John Mahama: Our mid-term story is very good

With a history of political pluralism and economic reform, Ghana is set to host the launch of The Africa Report Debates



The dispensers of economic and political accolades can be a fickle bunch, as Ghana's President John Mahama well knows. When he came to power in 2011, after the sudden death of his predecessor John Atta Mills, Ghana was one of the world's fastest-growing economies, propelled by the launching of its oil and gas industry.



Today, the accolades are scarcer as President Mahama's government grapples with some awkward economic realities. The oil price crashed last year, cutting revenue. Poor rains hit both the cocoa harvest and power output, and the stronger dollar sharply pushed up borrowing costs.


Growth is due to slow to 3.5% this year, according to the International Monetary Fund (IMF) – half the level of three years ago.


The economic climate complicates Mahama's agenda, as he conceded on a trip to France on 5-6 October, when he met with President François Hollande and addressed the Organisation for Economic Cooperation and Development (OECD).


"The challenges facing Ghana's economy affect a broad category of emerging markets," said Mahama at the OECD. "The agenda for transformation that we submitted to parliament is to change the structure of the Ghanaian economy, diversify it and make it more export-driven with more value-added processing."


For the short term, Mahama insists his government "is putting in place measures to stabilise the economy. We have gone into an extended credit facility with the IMF and we had a very successful first review."


Certainly, the IMF and World Bank backing has bolstered Ghana's economic position: the IMF lent $920m over the past three years and the World Bank has offered a $700m guarantee to help the country raise a stonking $7.9bn for the Sankofa gas project.


In October, Ghana floated another $1bn eurobond at a coupon rate of 10.75% – some 2% higher than the bond it floated a year ago.


Tax reforms

That prompted a little optimism from Mahama: "I believe the mid-term story is good. We are seeing fiscal consolidation. Expenditure has been held in check, so we do think we are going to see a decrease in the deficit and a decline in inflation."


Having signed up Ghana as the 50th member of the OECD's Development Centre, Mahama said his government would be getting technical support for wide-ranging tax reforms from the organisation.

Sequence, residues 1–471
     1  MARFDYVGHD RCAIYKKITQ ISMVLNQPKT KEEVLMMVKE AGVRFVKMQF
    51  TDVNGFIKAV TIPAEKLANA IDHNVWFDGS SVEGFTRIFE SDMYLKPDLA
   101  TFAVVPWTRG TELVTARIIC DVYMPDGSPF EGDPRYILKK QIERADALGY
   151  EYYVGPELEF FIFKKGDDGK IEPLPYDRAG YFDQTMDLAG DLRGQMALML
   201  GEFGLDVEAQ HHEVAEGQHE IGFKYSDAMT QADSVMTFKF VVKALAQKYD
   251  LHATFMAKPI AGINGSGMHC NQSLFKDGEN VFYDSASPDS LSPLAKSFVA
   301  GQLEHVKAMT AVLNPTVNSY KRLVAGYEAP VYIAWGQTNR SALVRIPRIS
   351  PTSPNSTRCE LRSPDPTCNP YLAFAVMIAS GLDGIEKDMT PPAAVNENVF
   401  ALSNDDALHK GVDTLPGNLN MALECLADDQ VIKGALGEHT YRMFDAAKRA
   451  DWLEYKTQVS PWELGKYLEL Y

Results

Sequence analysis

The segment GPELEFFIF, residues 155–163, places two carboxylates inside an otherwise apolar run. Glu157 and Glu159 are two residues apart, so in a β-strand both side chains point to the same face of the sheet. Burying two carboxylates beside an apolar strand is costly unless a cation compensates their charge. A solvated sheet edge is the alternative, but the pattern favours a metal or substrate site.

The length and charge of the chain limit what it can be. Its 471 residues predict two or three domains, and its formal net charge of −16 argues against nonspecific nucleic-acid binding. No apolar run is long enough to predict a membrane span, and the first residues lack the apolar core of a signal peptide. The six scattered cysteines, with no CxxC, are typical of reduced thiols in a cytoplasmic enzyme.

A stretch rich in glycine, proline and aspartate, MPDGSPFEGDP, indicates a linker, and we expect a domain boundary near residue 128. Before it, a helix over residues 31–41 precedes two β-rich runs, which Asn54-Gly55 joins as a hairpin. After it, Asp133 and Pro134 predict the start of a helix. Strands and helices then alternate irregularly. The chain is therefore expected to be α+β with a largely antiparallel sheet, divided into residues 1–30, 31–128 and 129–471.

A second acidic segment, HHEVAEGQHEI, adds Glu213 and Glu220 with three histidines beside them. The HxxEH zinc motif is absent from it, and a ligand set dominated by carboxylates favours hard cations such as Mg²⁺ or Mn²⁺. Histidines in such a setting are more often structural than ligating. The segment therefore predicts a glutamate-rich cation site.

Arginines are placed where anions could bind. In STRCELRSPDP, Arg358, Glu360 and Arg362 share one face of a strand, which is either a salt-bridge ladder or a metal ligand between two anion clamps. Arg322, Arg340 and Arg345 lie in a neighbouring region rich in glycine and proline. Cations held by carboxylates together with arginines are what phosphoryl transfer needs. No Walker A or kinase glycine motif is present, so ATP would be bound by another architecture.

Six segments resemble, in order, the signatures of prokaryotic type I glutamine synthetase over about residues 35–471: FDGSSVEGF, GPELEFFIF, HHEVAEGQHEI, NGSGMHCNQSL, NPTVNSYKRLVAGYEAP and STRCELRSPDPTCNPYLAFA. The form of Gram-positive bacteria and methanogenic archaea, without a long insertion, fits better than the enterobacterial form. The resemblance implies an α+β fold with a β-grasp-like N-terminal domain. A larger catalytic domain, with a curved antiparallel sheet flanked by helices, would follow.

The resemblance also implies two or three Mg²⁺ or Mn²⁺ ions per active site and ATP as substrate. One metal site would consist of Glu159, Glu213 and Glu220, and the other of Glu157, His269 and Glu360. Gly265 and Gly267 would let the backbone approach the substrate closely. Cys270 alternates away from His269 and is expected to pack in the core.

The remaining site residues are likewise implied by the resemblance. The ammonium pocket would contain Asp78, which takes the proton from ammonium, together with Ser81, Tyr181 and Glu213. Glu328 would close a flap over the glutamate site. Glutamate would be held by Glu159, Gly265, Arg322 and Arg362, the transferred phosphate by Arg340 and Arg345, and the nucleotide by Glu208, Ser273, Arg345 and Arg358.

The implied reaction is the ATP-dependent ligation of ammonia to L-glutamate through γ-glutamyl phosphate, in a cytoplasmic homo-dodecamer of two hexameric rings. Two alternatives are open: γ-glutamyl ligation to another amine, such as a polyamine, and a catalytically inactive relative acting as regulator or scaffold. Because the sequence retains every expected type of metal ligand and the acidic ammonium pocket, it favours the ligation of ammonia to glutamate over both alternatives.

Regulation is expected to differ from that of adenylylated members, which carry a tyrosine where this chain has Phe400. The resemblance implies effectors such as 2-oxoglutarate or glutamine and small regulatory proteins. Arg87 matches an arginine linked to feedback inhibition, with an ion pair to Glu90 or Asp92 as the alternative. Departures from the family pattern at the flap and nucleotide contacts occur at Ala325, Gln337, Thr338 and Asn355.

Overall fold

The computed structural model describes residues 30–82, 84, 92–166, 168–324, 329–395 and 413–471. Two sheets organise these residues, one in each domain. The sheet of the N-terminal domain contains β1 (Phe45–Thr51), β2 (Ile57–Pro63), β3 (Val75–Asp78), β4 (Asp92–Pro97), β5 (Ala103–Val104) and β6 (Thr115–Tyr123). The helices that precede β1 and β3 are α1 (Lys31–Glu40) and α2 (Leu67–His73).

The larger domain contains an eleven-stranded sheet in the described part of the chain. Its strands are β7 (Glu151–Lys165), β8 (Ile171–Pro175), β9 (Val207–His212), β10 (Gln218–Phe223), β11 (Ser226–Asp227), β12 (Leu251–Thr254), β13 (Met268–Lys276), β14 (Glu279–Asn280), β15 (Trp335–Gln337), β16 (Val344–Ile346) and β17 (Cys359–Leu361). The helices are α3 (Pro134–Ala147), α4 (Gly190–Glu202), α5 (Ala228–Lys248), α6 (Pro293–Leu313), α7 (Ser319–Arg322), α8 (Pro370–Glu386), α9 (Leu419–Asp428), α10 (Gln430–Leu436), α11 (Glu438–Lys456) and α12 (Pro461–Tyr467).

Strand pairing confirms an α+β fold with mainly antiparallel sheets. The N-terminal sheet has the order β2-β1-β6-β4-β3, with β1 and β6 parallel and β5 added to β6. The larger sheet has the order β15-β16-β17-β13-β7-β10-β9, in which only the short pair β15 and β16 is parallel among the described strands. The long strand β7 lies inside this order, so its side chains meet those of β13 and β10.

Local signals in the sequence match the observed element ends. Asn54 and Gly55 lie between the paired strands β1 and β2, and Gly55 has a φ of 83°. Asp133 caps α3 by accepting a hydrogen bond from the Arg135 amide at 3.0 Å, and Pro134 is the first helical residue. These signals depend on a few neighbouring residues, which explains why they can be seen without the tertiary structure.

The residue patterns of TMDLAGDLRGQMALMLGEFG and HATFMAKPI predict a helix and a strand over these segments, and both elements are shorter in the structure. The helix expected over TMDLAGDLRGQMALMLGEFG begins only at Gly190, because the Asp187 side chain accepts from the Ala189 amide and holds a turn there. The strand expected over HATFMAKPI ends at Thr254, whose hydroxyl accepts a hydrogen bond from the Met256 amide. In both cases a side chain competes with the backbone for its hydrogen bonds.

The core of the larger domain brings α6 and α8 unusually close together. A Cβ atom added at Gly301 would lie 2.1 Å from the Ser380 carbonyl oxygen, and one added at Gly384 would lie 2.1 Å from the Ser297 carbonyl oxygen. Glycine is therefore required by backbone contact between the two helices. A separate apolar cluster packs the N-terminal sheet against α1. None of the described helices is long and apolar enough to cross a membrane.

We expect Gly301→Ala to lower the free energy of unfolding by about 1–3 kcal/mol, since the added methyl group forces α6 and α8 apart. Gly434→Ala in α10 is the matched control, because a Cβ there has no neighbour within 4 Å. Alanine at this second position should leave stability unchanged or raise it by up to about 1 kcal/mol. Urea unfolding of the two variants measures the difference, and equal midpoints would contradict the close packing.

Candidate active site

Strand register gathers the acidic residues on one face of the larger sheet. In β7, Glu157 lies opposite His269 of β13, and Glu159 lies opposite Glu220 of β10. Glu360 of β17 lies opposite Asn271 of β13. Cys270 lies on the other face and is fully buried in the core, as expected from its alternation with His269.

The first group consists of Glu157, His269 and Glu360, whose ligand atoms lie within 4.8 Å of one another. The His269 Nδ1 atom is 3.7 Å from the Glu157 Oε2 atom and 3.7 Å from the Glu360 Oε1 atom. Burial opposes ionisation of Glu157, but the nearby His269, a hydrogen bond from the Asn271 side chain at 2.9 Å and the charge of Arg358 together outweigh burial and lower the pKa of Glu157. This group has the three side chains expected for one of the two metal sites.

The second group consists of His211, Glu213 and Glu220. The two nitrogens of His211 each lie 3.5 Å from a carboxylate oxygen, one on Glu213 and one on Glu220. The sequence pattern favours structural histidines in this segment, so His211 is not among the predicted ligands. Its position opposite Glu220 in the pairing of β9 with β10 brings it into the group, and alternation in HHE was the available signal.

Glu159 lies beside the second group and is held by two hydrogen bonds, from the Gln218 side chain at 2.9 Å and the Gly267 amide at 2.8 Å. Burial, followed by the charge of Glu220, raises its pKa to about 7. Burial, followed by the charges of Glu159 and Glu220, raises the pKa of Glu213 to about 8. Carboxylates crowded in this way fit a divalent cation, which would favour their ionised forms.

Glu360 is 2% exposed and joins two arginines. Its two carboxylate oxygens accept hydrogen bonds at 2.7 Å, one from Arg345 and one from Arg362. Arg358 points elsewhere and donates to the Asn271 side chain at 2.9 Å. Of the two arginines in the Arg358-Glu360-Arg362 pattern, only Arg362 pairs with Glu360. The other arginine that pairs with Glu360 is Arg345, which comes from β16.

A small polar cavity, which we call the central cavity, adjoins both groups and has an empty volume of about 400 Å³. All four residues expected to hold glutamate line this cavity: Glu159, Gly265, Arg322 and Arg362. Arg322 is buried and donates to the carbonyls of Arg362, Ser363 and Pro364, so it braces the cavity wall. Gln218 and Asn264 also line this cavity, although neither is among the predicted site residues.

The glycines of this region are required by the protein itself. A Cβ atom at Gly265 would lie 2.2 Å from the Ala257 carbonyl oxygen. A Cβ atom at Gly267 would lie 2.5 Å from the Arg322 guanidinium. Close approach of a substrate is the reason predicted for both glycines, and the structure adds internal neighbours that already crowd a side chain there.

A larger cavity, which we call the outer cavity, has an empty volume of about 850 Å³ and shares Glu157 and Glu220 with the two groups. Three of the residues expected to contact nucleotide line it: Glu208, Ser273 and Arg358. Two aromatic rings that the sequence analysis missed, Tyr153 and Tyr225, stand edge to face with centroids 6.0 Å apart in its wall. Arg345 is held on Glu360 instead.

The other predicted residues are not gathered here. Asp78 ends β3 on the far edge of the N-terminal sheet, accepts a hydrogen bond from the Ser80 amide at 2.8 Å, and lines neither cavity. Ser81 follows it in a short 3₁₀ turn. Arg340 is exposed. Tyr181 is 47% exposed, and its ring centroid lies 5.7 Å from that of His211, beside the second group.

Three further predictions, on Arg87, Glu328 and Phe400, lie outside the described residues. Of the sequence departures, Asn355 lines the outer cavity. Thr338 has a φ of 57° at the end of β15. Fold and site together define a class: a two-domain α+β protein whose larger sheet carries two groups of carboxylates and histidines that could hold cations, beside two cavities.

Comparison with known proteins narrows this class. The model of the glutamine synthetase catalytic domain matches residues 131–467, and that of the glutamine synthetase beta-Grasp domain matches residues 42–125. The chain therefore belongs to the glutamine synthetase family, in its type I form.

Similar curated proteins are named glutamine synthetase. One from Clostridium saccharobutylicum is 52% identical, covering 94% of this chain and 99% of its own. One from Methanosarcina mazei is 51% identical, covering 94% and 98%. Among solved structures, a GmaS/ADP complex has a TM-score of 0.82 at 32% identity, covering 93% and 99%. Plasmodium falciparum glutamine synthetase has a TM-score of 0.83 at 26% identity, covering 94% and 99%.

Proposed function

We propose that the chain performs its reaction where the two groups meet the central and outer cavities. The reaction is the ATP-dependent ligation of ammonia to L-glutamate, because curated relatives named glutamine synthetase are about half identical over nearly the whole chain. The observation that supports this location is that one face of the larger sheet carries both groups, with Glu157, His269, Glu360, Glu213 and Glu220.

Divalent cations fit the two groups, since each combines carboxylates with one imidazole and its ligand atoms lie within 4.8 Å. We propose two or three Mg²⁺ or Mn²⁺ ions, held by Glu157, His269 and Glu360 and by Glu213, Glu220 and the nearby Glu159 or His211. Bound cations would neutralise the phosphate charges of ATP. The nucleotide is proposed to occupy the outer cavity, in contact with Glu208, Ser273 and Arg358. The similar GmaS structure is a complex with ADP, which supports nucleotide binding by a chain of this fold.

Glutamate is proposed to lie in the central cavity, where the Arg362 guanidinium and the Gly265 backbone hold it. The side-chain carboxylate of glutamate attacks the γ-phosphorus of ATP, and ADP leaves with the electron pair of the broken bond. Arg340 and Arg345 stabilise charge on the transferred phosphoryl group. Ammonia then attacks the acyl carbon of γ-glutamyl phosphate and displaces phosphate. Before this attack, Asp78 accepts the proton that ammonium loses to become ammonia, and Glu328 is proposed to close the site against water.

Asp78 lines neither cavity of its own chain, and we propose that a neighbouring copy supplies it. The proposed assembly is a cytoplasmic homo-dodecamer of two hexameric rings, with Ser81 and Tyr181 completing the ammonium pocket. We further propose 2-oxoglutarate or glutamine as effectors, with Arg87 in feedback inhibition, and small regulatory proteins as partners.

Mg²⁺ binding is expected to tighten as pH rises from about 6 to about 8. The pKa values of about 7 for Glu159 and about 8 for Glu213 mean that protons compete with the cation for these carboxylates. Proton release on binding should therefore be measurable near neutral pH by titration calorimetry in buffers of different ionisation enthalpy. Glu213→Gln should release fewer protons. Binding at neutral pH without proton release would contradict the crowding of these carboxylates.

But unreliable electricity remains a major gripe. "If there's one most irritating thing to Ghanaians, it's the power shortage," said Mahama. "But two decades of positive growth means that there is a huge increase in the demand for power. We estimate between 10% and 12% annual growth in power demand, so we must expand generation to stay ahead of demand." He reiterated the resolve of energy minister Emmanuel Armah Kofi Buah to tackle the crisis: "There are three projects nearing completion that give our minister the confidence to say we can fix it by the end of the year."


Asked about the massive public interest in investigative journalist AnasAremayawAnas's late September release of a video in which 12 high court judges appear to be receiving bribes, Mahama said the country's institutions have taken the right steps to address the situation.


Acting on advice from the judicial council and chief justice, the government suspended seven judges immediately. However, all 12 judges deny wrong-doing, and the bribery claims are already the subject of court actions.


A bigger test still looms for Charlotte Osei, the chairwoman of the electoral commission appointed by Mahama in June. She has to decide whether to commission a new electoral register as demanded by a new pressure group, the Let My Vote Count Alliance.


Mahama would not be drawn on the subject: "I have no right to interfere in that list. Ghana has an electoral commission that is independent and does not consult the president to do anything. It is a relatively young register because we have only used it for one election, and it was biometrically compiled."


As the country prepares for another tight election against a backdrop of tough economic conditions, the credibility of voting and registration will be hugely important.


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